- Briefing Room
U.S. Department of Transportation
Federal Highway Administration
1200 New Jersey Avenue, SE
Washington, DC 20590
|Accelerating Infrastructure Innovations|
Publication Number: FHWA-RD-01-062
Date: March 2001
The prototype version of QuickZone, a new work zone delay estimation software developed by the Federal Highway Administration (FHWA) and Mitretek Systems, is now available for use and assessment by highway agencies. One State getting ready to give it a real-world tryout is Maryland.
"We had an ongoing project with the University of Maryland where we were looking at capacity in work zones and trying to come up with a tool for estimating queues and delays," says Jawad Paracha of the Maryland State Highway Administration (SHA). "When we found out about QuickZone, we decided to combine the two efforts."
QuickZone, which is the first product to come out of FHWA's new strategic Work Zone Analysis Tools (SWAT) program (see July/August 2000 Focus), can be used to compare the traffic impacts for work zone mitigation strategies and estimate the costs associated with these impacts. The costs can be estimated for both an average day of work and for the whole life cycle of construction. The software, says lead developer Karl Wunderlich of Mitretek Systems, "will help highway agencies better phase and stage their construction activities. It can help them determine what times of day and what times of the year are best for a certain project, for example."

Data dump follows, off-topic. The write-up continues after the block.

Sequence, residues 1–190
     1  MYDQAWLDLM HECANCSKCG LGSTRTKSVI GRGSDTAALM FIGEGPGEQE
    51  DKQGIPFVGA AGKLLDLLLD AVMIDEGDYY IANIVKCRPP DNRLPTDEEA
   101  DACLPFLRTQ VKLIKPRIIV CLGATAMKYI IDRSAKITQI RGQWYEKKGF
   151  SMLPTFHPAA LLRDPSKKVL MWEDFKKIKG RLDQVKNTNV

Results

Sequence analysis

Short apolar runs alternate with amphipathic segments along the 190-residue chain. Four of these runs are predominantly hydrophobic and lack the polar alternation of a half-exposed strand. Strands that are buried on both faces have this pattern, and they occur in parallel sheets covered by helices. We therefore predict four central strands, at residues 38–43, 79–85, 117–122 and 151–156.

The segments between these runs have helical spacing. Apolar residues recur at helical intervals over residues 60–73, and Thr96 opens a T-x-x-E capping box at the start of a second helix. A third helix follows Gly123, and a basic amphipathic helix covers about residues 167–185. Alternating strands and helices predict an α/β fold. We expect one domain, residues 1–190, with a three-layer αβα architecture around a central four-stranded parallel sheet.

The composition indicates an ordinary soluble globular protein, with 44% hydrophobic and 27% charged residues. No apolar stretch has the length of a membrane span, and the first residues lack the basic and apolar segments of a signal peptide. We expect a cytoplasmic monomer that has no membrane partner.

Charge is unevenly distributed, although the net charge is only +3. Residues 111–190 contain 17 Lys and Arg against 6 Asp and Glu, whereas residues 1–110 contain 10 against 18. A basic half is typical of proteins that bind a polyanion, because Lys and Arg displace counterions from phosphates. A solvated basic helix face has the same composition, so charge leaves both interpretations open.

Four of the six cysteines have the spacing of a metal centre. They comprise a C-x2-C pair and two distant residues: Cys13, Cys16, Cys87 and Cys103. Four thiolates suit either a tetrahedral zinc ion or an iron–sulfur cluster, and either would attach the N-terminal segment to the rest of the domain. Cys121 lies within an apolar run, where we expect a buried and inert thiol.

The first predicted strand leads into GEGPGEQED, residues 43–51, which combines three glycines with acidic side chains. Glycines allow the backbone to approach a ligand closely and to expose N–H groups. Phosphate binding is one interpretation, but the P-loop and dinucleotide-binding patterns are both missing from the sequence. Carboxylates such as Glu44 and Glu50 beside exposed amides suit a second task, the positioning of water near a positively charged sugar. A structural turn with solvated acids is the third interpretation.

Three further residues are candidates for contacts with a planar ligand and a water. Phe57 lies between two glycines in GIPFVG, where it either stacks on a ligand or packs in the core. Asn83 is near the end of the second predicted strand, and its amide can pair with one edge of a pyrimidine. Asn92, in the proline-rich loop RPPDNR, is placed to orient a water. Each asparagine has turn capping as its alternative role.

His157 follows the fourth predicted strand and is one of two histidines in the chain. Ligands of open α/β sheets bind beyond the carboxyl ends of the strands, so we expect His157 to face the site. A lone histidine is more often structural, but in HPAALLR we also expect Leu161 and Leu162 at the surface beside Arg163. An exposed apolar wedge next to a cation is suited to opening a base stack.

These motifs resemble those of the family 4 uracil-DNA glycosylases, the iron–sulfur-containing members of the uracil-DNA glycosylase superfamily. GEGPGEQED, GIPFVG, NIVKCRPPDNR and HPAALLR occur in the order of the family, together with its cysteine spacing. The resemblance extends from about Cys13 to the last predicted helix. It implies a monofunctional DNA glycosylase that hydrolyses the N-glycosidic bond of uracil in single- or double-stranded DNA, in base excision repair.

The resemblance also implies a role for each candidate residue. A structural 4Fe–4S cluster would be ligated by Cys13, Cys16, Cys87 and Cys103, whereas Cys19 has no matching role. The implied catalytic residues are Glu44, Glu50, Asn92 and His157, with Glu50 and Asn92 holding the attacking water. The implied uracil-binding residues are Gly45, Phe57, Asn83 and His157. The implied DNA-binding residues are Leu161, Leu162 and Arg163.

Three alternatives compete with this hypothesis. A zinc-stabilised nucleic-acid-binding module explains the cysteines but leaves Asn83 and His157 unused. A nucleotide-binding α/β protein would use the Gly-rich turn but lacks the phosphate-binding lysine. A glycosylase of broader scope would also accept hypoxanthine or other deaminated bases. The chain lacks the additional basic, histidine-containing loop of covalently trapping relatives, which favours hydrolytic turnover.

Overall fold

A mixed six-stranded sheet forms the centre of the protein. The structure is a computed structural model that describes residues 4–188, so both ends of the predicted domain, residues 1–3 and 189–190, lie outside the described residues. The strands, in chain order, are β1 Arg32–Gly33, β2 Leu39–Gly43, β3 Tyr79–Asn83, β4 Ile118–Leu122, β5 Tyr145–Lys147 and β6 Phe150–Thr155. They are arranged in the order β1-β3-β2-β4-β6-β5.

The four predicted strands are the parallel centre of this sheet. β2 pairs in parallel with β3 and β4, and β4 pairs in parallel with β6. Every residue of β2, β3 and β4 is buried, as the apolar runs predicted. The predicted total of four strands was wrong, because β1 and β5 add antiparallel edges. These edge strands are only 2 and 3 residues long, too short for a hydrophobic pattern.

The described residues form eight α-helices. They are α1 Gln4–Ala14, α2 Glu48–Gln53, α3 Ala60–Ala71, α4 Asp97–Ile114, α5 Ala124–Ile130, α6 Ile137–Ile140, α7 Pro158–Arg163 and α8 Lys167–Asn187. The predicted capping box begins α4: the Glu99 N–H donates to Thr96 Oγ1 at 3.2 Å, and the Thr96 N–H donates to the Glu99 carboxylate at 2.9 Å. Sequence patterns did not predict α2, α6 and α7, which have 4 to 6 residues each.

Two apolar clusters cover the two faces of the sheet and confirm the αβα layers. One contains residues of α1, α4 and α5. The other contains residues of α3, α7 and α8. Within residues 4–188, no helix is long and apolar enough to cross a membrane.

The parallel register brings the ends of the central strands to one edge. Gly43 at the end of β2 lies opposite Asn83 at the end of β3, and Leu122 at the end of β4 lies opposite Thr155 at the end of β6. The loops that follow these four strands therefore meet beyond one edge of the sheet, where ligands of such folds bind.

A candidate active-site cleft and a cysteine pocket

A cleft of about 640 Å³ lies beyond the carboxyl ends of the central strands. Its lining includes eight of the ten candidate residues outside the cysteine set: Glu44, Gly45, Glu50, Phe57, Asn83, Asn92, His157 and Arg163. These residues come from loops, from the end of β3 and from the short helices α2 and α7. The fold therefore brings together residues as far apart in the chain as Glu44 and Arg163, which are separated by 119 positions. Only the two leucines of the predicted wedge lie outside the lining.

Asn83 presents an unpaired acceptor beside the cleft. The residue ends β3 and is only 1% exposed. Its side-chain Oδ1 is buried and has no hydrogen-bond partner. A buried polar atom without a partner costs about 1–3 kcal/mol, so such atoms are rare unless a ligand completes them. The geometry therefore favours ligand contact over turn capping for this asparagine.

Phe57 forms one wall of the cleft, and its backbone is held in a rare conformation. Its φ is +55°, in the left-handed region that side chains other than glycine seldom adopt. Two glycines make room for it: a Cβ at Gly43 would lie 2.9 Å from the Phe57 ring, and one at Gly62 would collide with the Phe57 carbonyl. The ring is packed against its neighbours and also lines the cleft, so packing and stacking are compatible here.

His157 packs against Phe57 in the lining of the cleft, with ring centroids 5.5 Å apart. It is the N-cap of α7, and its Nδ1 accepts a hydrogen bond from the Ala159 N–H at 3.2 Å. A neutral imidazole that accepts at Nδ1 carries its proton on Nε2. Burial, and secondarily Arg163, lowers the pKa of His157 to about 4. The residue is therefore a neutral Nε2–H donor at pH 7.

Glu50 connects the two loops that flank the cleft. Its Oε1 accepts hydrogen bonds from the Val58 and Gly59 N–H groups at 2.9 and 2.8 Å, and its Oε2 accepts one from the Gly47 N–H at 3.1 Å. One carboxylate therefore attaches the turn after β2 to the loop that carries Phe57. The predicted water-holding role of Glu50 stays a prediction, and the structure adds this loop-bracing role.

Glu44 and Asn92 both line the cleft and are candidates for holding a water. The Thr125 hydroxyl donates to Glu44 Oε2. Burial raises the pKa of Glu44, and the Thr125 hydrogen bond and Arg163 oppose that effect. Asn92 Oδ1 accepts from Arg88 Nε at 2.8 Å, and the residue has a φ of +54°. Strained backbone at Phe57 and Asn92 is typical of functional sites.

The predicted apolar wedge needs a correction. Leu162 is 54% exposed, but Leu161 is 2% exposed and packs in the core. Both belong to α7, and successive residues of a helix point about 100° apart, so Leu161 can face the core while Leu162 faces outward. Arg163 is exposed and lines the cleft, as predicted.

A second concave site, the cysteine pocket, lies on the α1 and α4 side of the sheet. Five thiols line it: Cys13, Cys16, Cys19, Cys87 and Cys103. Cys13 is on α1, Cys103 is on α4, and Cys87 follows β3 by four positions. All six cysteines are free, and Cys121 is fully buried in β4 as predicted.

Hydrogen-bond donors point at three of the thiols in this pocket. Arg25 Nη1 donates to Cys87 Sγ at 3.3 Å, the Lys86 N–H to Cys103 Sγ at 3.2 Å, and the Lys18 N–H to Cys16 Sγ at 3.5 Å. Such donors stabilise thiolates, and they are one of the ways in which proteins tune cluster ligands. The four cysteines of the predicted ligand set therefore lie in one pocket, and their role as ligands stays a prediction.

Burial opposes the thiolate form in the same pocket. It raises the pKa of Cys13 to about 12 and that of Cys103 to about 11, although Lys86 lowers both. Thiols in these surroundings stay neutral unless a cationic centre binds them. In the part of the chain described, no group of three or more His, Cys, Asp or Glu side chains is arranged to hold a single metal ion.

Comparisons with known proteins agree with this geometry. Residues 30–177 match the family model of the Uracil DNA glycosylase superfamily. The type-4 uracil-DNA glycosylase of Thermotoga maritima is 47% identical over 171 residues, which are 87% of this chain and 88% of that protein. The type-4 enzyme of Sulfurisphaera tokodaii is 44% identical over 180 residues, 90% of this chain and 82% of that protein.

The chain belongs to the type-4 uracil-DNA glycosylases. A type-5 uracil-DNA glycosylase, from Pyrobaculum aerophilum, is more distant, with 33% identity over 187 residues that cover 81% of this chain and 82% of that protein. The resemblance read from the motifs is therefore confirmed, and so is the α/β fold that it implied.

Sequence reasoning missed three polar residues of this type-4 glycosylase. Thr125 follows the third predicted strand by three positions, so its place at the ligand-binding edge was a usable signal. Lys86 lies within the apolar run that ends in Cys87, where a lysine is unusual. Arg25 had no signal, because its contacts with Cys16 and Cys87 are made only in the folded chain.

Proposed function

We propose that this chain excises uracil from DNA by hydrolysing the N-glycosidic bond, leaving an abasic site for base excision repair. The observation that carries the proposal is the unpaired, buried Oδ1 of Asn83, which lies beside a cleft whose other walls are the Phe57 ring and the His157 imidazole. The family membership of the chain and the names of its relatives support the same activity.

QuickZone's open source code has allowed the University of Maryland, under contract with SHA, to customize the program to better meet the State's needs. The university, for example, has added its own capacity estimation model to the program. In Maryland's version of the program, users can also define the criteria that will be used for analysis, such as setting a maximum allowable queue of vehicles or length of delay. And the Maryland version uses a 24-hour traffic count, instead of the average daily traffic count found in the standard program.
Maryland's version of QuickZone is scheduled to be ready this month. Copies will be distributed to all of the State's district traffic engineers so that they can perform validation testing and use it for general analysis. "We believe that the program can guide the engineers in the right direction and provide a more accurate estimation of delays and queues," says Paracha.
A user need only have Microsoft Excel 97 or higher running on a Windows-based PC to use the QuickZone application. Version 0.91 can be downloaded from the Web at www.tfhrc.gov/its/quickzon.htm. Version 0.99 of the prototype is due out in April, while Version 1.0 of the software is scheduled to be released in the fall of 2001. For more information on the software, contact Deborah Curtis at FHWA, 202-493-3267 (fax: 202-493-3419; email: firstname.lastname@example.org). For more information on the Maryland version of QuickZone, contact Jawad Paracha at the Maryland SHA, 410-787-5891 (email@example.com).
FHWA is encouraging other States to customize QuickZone for their own use through its QuickZone Partnership Program. The partnership program will take advantage of QuickZones's open source code as a means of further improving the software and providing State and local agencies with a tool that best meets their needs. If you are interested in participating in the partnership program, please contact Matthew Hardy at Mitretek Systems, 202-863-2982 (email: firstname.lastname@example.org).